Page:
Yeah, this has been gnawing at me for a while. Digital was great for motorsports photography and shooting music festivals, but the fine detail just isn't there for landscape photography, at least not with anything I can afford. The idea behind being a pro photography is making money at this craft, and digging myself into a $30,000 hole to sell landscape photos makes no sense. I always missed my Hasselblad*. I love the simplicity of using it, and how it makes me slow down and think about composition and light. I also like having a high-quality lightweight system that does not need batteries.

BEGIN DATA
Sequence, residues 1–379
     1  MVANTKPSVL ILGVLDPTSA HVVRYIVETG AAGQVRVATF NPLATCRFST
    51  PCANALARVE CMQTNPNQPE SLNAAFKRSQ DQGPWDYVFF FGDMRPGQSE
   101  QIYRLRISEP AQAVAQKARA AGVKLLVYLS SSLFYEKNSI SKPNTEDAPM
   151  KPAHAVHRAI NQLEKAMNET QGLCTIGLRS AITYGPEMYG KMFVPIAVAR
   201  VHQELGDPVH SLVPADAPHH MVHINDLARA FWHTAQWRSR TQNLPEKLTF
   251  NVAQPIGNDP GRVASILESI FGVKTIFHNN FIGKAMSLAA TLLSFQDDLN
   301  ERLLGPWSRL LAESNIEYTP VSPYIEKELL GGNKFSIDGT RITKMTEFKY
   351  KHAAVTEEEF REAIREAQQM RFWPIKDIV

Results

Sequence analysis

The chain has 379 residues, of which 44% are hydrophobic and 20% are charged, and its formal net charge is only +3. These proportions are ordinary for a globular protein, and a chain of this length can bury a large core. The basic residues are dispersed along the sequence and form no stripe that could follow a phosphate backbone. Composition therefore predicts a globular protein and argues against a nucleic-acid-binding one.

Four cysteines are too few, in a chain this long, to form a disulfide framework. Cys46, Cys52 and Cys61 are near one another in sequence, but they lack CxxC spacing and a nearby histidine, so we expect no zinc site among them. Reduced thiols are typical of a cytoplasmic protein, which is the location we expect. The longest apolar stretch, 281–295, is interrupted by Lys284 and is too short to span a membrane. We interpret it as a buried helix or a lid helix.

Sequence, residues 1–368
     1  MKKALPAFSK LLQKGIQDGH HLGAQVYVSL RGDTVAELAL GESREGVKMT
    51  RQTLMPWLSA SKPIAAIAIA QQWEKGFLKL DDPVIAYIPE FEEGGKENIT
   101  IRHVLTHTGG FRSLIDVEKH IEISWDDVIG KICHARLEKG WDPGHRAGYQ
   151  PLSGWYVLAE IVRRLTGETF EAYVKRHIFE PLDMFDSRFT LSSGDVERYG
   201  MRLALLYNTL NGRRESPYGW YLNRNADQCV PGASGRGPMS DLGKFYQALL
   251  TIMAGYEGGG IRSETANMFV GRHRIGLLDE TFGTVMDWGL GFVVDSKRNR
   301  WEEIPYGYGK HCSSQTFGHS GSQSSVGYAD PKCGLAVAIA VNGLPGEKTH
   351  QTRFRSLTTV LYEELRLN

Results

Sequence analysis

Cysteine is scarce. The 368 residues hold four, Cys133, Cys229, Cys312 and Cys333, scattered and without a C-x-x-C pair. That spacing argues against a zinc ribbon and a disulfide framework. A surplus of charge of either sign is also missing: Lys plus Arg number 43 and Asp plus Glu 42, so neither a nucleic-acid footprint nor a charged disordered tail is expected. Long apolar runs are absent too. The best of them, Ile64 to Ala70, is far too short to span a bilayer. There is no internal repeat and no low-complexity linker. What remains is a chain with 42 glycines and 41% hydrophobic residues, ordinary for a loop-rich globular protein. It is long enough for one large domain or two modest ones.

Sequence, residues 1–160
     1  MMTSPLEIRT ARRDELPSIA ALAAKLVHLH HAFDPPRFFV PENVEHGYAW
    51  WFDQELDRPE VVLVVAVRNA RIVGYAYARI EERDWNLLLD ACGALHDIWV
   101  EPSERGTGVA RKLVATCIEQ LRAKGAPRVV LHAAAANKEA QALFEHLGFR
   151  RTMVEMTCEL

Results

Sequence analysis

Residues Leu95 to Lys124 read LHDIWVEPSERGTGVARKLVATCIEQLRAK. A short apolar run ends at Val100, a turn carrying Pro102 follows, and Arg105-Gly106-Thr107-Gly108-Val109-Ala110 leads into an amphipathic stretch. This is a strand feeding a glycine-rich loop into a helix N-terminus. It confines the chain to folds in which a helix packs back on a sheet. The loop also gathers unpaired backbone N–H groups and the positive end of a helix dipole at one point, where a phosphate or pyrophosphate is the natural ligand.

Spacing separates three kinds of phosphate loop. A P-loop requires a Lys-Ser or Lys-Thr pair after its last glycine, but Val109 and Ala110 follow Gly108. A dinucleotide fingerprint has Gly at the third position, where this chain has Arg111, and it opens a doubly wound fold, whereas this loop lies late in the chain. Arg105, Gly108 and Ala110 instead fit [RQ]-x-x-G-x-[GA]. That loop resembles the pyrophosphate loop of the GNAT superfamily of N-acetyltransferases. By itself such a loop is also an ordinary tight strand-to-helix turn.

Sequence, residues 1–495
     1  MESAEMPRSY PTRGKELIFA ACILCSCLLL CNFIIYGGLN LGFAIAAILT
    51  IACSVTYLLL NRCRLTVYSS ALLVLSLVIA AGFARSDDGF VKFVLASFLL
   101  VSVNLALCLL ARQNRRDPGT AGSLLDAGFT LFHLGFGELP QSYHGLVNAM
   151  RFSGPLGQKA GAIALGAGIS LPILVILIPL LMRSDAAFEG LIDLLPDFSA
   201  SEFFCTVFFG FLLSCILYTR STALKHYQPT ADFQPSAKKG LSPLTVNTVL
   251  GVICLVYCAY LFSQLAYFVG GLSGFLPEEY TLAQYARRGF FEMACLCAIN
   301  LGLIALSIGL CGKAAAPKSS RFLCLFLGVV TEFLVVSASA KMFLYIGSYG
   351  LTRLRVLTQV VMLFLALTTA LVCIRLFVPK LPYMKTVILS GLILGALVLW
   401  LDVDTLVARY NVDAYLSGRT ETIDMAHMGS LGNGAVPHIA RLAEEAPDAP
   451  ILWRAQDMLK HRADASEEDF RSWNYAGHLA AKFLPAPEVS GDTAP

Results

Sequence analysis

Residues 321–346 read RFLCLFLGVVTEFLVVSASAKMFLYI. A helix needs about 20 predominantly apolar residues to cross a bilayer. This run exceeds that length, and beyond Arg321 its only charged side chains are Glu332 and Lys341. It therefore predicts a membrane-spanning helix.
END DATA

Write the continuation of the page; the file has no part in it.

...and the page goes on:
I'm taking a course this semester taught at Wild Basin Wilderness Preserve in Austin. We'll be in the field researching how deer are impacting the preserve, so I'll have a lot of time to take photos while I'm working on the class. We have to make a poster at the end of the semester, and I want to have two or three killer photos for that. Might even pop for drum scans to get the best quality.
Film is not as convenient as digital, but when I got a 16x20 print made from a slide I shot of my father fishing behind his cabin in Montana in 1999 I knew I made the right choice selling the EOS gear and going back to film. I have a Sony RX-100 that is plenty good for my other needs. I shot a press conference for Environment Texas today, and even at ISO 1600 that little Sony did an excellent job: better than my old Canon 40D at that ISO. It's an impressive pocket camera.
*My wife is happy that I am no longer whining about missing the Hasselblad.